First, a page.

Listed below are several of the most obvious similarities between Jim Crow and mass incarceration, followed by a discussion of a few parallels that have not been discussed so far. Let’s begin with the historical parallels. Historical parallels. Jim Crow and mass incarceration have similar political origins.
As described in chapter 1, both caste systems were born, in part, due to a desire among white elites to exploit the resentments, vulnerabilities, and racial biases of poor and working-class whites for political or economic gain. Segregation laws were proposed as part of a deliberate and strategic effort to deflect anger and hostility that had been brewing against the white elite away from them and toward African Americans. The birth of mass incarceration can be traced to a similar political dynamic. Conservatives in the 1970s and 1980s sought to appeal to the racial biases and economic vulnerabilities of poor and working-class whites through racially coded rhetoric on crime and welfare. In both cases, the racial opportunists offered few, if any, economic reforms to address the legitimate economic anxieties of poor and working-class whites, proposing instead a crackdown on the racially-defined “others.” In the early years of Jim Crow, conservative white elites competed with each other by passing ever more stringent and oppressive Jim Crow legislation. A century later, politicians in the early years of the drug war competed with each other to prove who could be tougher on crime by passing ever harsher drug laws—a thinly veiled effort to appeal to poor and working-class whites who, once again, proved they were willing to forego economic and structural reform in exchange for an apparent effort to put blacks back “in their place.” Legalized discrimination. The most obvious parallel between Jim Crow and mass incarceration is legalized discrimination. During Black History Month, Americans congratulate themselves for having put an end to discrimination against African Americans in employment, housing, public benefits, and public accommodations. Schoolchildren wonder out loud how discrimination could ever have been legal in this great land of ours. Rarely are they told that it is still legal. Many of the forms of discrimination that relegated African Americans to an inferior caste during Jim Crow continue to apply to huge segments of the black population today—provided they are first labeled felons. If they are branded felons by the time they reach the age of twenty-one (as many of them are), they are subject to legalized discrimination for their entire adult lives.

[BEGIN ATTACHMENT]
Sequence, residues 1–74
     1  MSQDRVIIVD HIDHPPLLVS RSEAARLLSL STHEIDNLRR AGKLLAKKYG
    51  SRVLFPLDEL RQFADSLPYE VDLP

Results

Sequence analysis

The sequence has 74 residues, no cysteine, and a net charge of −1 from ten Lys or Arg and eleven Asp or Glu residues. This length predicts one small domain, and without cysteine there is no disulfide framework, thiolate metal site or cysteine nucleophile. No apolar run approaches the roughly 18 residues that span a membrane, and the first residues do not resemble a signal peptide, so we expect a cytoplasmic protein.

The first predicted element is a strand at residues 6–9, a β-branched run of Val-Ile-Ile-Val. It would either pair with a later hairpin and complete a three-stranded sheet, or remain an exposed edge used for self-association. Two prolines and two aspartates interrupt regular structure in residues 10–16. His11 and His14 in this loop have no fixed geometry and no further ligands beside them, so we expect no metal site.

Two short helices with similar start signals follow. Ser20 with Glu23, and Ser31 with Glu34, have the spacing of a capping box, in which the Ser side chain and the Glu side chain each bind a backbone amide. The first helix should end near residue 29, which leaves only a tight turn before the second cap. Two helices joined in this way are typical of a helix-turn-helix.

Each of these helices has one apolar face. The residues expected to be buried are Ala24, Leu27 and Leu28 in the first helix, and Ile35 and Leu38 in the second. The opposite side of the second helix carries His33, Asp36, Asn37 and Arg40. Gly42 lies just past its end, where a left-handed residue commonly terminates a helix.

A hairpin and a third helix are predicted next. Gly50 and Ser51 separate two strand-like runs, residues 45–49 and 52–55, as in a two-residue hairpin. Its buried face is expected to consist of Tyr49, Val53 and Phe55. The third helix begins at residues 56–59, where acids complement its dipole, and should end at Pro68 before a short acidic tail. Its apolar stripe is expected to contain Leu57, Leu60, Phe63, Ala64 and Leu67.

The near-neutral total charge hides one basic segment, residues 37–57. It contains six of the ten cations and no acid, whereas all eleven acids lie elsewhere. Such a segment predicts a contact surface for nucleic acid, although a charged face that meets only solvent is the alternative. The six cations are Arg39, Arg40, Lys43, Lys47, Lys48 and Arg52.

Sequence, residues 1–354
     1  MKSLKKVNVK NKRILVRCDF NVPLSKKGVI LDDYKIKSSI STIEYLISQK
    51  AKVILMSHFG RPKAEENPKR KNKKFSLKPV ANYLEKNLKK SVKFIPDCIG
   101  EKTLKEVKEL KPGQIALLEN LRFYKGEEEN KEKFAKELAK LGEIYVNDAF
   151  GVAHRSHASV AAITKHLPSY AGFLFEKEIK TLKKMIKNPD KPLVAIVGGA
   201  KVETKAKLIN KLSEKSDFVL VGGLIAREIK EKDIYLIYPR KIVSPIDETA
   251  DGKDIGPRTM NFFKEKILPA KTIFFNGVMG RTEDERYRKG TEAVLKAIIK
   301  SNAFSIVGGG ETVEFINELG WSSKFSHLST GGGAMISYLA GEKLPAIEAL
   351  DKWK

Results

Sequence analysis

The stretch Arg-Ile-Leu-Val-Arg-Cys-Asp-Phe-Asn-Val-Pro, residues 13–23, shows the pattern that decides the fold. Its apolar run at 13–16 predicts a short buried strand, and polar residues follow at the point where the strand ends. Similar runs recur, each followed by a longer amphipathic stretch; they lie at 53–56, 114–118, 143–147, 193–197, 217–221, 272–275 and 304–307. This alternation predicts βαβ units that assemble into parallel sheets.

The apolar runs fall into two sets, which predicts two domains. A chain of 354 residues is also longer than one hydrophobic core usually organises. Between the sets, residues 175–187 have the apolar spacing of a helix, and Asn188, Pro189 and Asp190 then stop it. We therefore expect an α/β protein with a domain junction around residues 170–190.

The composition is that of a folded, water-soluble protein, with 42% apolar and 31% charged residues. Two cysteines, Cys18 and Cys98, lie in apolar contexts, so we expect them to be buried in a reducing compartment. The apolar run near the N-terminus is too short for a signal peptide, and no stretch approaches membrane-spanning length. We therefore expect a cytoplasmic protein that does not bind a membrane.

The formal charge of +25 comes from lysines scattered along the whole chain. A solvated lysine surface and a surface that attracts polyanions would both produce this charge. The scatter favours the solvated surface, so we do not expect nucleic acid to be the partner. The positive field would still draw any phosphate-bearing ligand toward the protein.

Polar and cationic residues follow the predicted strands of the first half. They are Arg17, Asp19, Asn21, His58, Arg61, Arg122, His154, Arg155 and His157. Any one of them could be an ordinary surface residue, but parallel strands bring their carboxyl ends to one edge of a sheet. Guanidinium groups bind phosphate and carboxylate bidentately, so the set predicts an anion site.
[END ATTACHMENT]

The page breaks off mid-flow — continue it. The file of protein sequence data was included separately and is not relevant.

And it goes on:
The forms of discrimination that apply to ex-drug offenders, described in some detail in chapter 4, mean that, once prisoners are released, they enter a parallel social universe—much like Jim Crow—in which discrimination in nearly every aspect of social, political, and economic life is perfectly legal. Large majorities of black men in cities across the United States are once again subject to legalized discrimination effectively barring them from full integration into mainstream, white society. Mass incarceration has nullified many of the gains of the Civil Rights Movement, putting millions of black men back in a position reminiscent of Jim Crow. Political disenfranchisement. During the Jim Crow era, African Americans were denied the right to vote through poll taxes, literacy tests, grandfather clauses, and felon disenfranchisement laws, even though the Fifteenth Amendment to the U.S. Constitution specifically provides that “the right of citizens of the United States to vote shall not be denied … on account of race, color, or previous condition of servitude.” Formally race-neutral devices were adopted to achieve the goal of an all-white electorate without violating the terms of the Fifteenth Amendment. The devices worked quite well. Because African Americans were poor, they frequently could not pay poll taxes. And because they had been denied access to education, they could not pass literacy tests. Grandfather clauses allowed whites to vote even if they couldn’t meet the requirements, as long as their ancestors had been able to vote. Finally, because blacks were disproportionately charged with felonies—in fact, some crimes were specifically defined as felonies with the goal of eliminating blacks from the electorate—felony disenfranchisement laws effectively suppressed the black vote as well. Following the collapse of Jim Crow, all of the race-neutral devices for excluding blacks from the electorate were eliminated through litigation or legislation, except felon disenfranchisement laws.
Michelle Alexander – The New Jim Crow